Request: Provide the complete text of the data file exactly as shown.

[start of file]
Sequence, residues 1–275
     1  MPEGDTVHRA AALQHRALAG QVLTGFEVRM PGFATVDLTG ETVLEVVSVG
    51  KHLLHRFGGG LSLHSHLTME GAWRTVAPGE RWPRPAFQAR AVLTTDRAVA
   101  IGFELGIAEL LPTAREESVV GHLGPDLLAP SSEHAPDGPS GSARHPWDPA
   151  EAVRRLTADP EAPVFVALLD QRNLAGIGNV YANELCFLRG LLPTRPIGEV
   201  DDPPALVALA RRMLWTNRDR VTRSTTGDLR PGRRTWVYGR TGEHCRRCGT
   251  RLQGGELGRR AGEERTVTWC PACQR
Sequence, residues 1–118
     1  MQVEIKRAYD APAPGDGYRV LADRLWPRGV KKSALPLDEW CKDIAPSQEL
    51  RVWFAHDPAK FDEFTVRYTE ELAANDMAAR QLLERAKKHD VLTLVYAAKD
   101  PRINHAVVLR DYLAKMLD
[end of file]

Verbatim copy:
Sequence, residues 1–275
     1  MPEGDTVHRA AALQHRALAG QVLTGFEVRM PGFATVDLTG ETVLEVVSVG
    51  KHLLHRFGGG LSLHSHLTME GAWRTVAPGE RWPRPAFQAR AVLTTDRAVA
   101  IGFELGIAEL LPTAREESVV GHLGPDLLAP SSEHAPDGPS GSARHPWDPA
   151  EAVRRLTADP EAPVFVALLD QRNLAGIGNV YANELCFLRG LLPTRPIGEV
   201  DDPPALVALA RRMLWTNRDR VTRSTTGDLR PGRRTWVYGR TGEHCRRCGT
   251  RLQGGELGRR AGEERTVTWC PACQR
Sequence, residues 1–118
     1  MQVEIKRAYD APAPGDGYRV LADRLWPRGV KKSALPLDEW CKDIAPSQEL
    51  RVWFAHDPAK FDEFTVRYTE ELAANDMAAR QLLERAKKHD VLTLVYAAKD
   101  PRINHAVVLR DYLAKMLD